Sauternes & Similar

The tiny appellation of Sauternes lies on the west bank of the Garonne, south of Graves. This point on the river is prone to autumn mists, and this combination of morning mist with sunny afternoons favours the development of noble rot, a fungal infection that reduces the water content of the affected grapes, thus concentrating the grape sugars, allowing the production of these naturally sweet wines. The wines are often described as expensive because of the handpicking required to select the nobly rotted grapes, and because of the low yield produced by the concentrated grapes. Prices are similar to some classed growth clarets, and the wines tend to hold their prices longer. Within Sauternes is the commune of Barsac, which contains a number of top properties that are entitled to use either the Barsac or Sauternes appellations. The 1855 Sauternes & Barsac Classification considers the two communes as one, as do we. Our recommendations: Lafaurie-Peyraguey, Suduiraut, Climens, Coutet, Yquem, Doisy-Dane, Doisy-Dubroca, Doisy-Védrines and Rieussec, among others.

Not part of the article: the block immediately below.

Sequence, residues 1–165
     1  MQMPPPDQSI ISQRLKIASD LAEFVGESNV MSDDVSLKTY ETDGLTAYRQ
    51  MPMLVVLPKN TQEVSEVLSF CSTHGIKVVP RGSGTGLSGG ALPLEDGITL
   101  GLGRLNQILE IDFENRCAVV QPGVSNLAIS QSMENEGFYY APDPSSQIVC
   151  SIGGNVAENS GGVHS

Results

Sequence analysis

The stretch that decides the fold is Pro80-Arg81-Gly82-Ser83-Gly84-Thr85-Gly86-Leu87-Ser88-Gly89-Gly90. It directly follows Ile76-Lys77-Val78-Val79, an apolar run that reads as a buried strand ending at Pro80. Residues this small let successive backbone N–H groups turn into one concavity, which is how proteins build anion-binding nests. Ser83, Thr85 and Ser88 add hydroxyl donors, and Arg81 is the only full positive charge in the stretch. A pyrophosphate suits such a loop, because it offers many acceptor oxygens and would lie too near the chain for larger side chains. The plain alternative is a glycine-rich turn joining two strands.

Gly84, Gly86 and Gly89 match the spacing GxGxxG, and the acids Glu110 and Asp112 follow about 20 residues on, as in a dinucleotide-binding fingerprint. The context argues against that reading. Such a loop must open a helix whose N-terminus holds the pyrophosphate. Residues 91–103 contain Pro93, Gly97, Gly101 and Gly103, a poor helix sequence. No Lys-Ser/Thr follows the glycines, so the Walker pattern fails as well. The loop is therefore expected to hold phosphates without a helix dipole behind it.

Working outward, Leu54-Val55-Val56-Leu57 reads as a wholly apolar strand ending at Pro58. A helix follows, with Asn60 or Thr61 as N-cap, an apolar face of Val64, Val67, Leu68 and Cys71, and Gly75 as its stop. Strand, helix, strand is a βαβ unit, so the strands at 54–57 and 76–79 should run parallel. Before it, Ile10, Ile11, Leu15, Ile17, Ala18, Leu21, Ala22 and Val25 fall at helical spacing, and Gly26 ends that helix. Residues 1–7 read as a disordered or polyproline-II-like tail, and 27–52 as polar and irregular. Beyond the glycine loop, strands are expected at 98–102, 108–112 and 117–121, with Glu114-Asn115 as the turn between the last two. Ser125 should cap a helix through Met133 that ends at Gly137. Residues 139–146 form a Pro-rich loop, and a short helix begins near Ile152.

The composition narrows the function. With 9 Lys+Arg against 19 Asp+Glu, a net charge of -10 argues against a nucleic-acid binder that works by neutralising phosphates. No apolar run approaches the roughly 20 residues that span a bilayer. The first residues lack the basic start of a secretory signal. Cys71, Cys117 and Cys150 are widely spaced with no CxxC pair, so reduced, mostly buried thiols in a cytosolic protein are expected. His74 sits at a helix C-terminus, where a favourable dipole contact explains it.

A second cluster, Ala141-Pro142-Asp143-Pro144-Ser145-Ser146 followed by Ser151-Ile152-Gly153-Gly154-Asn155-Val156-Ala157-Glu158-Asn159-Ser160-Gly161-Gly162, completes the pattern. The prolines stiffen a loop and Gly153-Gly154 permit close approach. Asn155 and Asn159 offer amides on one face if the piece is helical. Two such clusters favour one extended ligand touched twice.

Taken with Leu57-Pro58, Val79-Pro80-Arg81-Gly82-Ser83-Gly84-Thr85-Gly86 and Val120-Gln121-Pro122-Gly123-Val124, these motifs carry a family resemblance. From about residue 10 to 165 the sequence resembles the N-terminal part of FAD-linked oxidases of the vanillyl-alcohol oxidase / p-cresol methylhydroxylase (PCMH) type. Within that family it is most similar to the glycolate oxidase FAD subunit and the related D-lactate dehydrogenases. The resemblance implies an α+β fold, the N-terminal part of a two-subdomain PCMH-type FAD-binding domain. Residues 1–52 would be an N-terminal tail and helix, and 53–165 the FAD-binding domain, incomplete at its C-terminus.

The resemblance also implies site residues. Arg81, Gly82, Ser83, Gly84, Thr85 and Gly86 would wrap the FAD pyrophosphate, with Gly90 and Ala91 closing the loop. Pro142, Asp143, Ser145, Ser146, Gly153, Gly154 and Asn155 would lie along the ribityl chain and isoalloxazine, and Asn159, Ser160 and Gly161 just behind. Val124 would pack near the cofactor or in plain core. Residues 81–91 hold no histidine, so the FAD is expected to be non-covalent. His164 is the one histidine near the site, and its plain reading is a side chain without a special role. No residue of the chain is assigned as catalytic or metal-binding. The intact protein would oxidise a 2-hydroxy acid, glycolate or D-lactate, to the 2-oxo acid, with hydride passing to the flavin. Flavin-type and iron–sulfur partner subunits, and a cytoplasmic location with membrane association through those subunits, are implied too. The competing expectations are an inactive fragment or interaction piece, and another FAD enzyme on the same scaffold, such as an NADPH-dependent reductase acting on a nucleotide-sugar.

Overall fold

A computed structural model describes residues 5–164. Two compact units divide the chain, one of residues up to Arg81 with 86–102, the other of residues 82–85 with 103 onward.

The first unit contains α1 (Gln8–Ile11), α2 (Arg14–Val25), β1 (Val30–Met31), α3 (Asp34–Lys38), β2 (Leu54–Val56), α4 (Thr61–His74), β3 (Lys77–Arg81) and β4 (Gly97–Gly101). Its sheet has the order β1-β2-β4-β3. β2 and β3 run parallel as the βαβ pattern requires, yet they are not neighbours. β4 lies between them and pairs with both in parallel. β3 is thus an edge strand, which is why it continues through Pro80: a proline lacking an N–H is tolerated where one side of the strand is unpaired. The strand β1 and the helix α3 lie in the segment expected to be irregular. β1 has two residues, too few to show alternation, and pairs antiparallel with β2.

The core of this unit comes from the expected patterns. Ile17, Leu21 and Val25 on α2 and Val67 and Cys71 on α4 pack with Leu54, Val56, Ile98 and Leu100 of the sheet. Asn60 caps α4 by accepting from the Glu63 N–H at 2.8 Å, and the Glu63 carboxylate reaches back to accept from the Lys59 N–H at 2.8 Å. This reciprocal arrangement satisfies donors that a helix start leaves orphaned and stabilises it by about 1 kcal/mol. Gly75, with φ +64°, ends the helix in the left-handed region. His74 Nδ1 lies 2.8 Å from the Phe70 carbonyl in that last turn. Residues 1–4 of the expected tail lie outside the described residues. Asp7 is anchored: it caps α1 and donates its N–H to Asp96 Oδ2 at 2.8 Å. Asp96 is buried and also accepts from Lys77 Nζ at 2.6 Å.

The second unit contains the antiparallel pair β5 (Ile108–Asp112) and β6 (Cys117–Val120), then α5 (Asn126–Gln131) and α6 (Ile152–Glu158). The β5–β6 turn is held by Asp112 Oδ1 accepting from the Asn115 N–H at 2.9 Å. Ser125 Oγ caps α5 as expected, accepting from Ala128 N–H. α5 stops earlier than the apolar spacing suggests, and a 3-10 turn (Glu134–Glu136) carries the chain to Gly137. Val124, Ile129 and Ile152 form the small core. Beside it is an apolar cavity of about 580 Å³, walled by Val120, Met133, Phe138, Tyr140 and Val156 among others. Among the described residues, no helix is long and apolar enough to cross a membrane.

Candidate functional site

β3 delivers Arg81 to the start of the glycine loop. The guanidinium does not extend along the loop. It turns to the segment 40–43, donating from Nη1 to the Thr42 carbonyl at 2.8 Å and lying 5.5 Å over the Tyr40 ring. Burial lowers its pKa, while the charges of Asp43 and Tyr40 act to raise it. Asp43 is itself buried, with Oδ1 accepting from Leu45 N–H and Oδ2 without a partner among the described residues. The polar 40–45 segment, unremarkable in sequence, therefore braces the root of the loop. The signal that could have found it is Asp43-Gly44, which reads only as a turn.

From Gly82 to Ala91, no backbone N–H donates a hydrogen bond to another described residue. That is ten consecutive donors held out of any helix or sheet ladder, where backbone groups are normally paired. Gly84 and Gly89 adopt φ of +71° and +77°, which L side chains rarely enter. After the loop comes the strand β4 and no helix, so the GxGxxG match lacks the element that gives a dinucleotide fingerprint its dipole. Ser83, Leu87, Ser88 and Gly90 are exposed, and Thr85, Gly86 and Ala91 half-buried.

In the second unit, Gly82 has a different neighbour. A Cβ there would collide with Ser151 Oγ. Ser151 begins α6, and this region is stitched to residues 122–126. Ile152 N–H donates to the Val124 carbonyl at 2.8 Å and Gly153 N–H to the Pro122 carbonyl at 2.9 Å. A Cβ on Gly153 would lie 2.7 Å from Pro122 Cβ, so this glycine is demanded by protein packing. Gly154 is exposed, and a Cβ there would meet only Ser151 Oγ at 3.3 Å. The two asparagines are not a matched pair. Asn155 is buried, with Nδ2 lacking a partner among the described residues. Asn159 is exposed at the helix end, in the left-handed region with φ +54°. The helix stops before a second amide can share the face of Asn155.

Near Graves is Cérons, an appellation still producing a small amount of sweet wine. Other appellations on the opposite bank of the Garonne also produce sweet wines. These are the Premières Côtes de Bordeaux and its three communes, Cadillac, Loupiac and Ste-Croix-du-Mont. Our recommendations: Loubans (Ste-Croix-du-Mont).